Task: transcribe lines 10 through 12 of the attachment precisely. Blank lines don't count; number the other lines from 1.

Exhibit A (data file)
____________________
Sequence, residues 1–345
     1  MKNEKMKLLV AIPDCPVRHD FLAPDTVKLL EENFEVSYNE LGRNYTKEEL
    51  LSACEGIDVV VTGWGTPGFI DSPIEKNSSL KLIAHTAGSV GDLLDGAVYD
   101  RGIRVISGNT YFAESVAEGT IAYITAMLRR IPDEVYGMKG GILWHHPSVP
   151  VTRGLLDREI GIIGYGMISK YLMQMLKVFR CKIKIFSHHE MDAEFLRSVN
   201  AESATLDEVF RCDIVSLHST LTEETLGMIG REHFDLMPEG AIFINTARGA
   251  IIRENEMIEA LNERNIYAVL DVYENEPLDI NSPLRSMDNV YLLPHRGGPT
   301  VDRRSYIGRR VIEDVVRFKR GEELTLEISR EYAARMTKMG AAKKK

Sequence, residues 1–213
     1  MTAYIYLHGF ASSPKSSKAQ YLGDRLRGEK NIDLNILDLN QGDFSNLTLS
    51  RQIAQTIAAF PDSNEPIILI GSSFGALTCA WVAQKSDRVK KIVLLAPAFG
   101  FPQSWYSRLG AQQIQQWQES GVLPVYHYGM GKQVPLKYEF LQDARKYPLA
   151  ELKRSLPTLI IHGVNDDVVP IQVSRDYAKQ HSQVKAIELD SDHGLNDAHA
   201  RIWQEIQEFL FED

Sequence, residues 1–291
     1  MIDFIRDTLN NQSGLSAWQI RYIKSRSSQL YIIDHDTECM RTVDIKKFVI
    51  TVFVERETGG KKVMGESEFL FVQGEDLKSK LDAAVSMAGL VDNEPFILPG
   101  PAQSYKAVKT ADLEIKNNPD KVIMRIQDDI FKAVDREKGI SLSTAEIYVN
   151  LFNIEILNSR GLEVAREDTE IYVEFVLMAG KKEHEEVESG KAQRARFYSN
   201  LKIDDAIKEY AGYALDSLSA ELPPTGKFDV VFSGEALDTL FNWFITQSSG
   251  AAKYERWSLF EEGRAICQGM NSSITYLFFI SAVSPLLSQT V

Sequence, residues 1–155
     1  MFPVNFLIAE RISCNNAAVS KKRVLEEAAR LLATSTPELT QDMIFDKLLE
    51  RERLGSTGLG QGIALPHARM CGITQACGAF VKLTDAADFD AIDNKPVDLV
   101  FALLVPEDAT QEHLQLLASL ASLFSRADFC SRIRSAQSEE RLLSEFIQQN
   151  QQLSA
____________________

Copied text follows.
     1  MTAYIYLHGF ASSPKSSKAQ YLGDRLRGEK NIDLNILDLN QGDFSNLTLS
    51  RQIAQTIAAF PDSNEPIILI GSSFGALTCA WVAQKSDRVK KIVLLAPAFG
   101  FPQSWYSRLG AQQIQQWQES GVLPVYHYGM GKQVPLKYEF LQDARKYPLA